Leverage Existing Content to Serve New Customers


Jeff Russellby Jeffrey S Russell, University of Wisconsin-Madison

People concerned about the environment often remind us to “reuse, repurpose, and recycle.” In fact, recycling is a great way to make more efficient and effective use of finite resources. With that in mind, continuing education leaders might consider taking a page out of the environmentalist playbook.

In a competitive marketplace where continuing education units are responding to emerging needs and expanding their portfolios, it is not always necessary to create entirely new offerings from whole cloth. If we can retool, repurpose, scale up, and customize content in innovative ways, we may be able to meet new needs with existing resources.

At the University of Wisconsin-Madison, our Continuing Studies division has many high-quality certificate programs and courses in high-demand areas such as distance teaching, behavioral health, and organizational leadership.  We have marketed these programs via targeted e-mails, brochures, and other traditional means.

Although workers and employers alike still want and need these professional development programs, they have seen their training budgets cut repeatedly in recent years. At the same time, public universities like ours have faced funding challenges of their own. Thus, we needed to reach new audiences and generate new resources, using only the tools at our disposal. Like the resourceful TV hero MacGyver, we needed to achieve extraordinary outcomes using only what we had at hand. Instead of chewing gum and twine, however, our toolbox is full of high-quality learning objects.

We are seeing great success by repurposing and customizing our existing certificate programs and courses to meet the needs of specific organizations and audiences. Here are a few examples:

Our Distance Education Professional Development unit is augmenting existing online certificate programs and mini-courses with customized training to provide online faculty development to universities and private sector companies. In most cases, these organizations do not have their own online teaching training programs. In addition, these certificate programs are also customized for specific audiences, including health care professionals, religious study programs, and corporations.

Our Leadership and Management unit offers customized programs designed to develop the skills of business leaders and managers. When we bring these programs to an organization, they enjoy lower costs per person compared to the cost of sending individual employees to off-site programs. Because we tailor the off-the-shelf curricula to the organization’s specific needs, they also enjoy a more personalized learning experience. Building on this win-win model, we are also preparing to transform noncredit face-to-face learning modules into online programs.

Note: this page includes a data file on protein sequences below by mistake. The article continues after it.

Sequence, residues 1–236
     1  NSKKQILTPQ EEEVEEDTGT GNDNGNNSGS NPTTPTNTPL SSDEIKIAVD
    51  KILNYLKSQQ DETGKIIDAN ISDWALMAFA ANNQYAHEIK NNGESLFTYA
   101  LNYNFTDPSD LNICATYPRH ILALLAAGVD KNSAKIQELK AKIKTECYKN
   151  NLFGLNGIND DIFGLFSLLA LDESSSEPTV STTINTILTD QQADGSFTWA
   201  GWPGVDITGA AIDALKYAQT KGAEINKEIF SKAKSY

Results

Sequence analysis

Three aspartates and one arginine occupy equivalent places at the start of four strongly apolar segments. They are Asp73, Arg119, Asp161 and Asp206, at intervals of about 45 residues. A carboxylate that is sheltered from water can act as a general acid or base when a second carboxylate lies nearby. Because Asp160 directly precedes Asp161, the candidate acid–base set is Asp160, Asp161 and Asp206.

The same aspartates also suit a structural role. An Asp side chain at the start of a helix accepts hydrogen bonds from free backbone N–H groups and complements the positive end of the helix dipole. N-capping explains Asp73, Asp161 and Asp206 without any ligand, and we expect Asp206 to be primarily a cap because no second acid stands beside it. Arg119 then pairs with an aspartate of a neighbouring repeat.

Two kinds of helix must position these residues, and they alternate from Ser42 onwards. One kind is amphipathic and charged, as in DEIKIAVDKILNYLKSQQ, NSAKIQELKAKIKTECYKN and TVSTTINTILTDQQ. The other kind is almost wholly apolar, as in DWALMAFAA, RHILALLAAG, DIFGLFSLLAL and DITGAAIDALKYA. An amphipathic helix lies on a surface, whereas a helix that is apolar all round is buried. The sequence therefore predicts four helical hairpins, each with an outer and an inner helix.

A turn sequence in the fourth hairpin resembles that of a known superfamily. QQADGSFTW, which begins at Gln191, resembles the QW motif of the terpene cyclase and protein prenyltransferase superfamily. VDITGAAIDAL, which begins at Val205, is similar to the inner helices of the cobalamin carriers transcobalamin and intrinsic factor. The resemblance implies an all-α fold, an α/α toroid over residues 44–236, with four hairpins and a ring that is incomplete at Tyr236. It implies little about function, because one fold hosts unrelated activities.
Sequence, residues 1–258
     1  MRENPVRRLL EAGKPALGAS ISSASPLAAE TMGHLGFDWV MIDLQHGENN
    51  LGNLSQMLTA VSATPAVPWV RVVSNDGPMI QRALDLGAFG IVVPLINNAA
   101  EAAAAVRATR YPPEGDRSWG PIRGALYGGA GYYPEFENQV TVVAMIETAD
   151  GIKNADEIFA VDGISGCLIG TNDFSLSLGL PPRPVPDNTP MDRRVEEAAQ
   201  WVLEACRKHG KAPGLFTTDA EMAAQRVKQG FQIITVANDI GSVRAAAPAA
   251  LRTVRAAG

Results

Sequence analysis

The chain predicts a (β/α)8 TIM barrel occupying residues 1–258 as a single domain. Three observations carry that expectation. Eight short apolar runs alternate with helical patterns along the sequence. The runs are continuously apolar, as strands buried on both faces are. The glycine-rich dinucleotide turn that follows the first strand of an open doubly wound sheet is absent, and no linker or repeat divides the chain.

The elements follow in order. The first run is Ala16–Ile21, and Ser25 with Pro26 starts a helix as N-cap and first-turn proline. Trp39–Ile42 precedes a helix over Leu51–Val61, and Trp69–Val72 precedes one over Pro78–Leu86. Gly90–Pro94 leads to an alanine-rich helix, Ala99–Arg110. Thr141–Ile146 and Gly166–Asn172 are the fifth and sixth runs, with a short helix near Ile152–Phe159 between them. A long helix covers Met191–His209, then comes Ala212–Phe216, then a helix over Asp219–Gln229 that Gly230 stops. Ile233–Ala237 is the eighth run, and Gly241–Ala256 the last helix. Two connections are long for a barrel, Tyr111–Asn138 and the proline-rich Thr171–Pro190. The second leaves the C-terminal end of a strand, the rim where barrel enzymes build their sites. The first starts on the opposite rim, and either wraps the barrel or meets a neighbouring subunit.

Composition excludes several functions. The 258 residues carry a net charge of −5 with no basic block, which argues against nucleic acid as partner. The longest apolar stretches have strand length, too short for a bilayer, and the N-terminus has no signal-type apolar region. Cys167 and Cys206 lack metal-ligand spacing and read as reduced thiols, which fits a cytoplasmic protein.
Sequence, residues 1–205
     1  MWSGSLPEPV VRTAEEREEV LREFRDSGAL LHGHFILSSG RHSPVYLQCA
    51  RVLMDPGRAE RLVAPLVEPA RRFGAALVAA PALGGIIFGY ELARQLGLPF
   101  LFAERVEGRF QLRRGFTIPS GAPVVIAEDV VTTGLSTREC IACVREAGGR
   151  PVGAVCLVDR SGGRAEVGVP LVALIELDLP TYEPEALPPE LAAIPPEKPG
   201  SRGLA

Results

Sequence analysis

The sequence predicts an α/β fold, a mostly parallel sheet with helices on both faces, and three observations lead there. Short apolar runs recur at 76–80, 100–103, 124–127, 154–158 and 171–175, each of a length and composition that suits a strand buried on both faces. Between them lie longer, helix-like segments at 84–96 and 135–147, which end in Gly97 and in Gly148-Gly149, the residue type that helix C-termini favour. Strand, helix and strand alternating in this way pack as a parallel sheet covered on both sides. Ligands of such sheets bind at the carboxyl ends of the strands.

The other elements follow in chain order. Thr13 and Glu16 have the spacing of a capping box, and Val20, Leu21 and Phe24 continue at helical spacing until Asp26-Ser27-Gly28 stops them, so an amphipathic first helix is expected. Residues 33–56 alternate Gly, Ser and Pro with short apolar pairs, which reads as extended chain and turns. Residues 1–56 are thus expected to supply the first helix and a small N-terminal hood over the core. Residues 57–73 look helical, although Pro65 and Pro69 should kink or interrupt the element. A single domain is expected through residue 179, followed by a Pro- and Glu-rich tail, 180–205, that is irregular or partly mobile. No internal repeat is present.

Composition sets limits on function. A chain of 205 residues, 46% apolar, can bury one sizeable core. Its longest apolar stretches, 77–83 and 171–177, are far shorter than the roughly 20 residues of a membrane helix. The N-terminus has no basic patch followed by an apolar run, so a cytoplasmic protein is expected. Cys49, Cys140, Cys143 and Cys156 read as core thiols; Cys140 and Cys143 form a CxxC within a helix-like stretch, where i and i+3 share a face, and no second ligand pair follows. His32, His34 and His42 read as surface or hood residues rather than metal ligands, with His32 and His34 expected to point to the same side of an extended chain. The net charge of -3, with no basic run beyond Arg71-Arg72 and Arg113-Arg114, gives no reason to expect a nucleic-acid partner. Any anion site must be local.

Our Behavioral Health unit customizes face-to-face trainings to develop the skills of human service providers including social workers, grief support specialists, health educators, intoxicated driver assessors, and others. To address serve more learners better over greater distances, we use technology to facilitate assessments, reducing the amount of face-to-face instruction. This has included exams that learners complete online once they return home and mock presentations learners record and share electronically with the instructor and other students.  We have also repurposed and customized face-to-face certificate programs by creating online versions to reach new (and distant) audiences. The online programs are offered in “real time” with robust discussions among participants from various time zones.

We are also collaborating with other UW-Madison colleges and schools to repurpose for-credit programs. Together, we create post-baccalaureate capstone certificates that focus on niche workforce needs, using existing curricula from traditional graduate programs.

A few of recommendations and lessons learned include:

  • Develop and scale up new programs with repurposing and customization in mind.
  • Evaluate your current course and programs to identify those that would be in high-demand and could be customized to meet the needs of new audiences.
  • Leverage modern technology and online education to reach new audiences and engage the participants with more active and engaging learning strategies.
  • Often the best way to find organizations that may need your courses or programs is to ask those who have already participated as individuals.

You may never be able to hotwire a truck using nothing but a paperclip, some nasal spray, and a turkey baster, but you can use these tips to address the challenges of dynamic markets and constrained resources.

Jeffrey S. Russell, P.E., Ph.D, is Vice Provost for Lifelong Learning and Dean, Division of Continuing Studies, University of Wisconsin – Madison.

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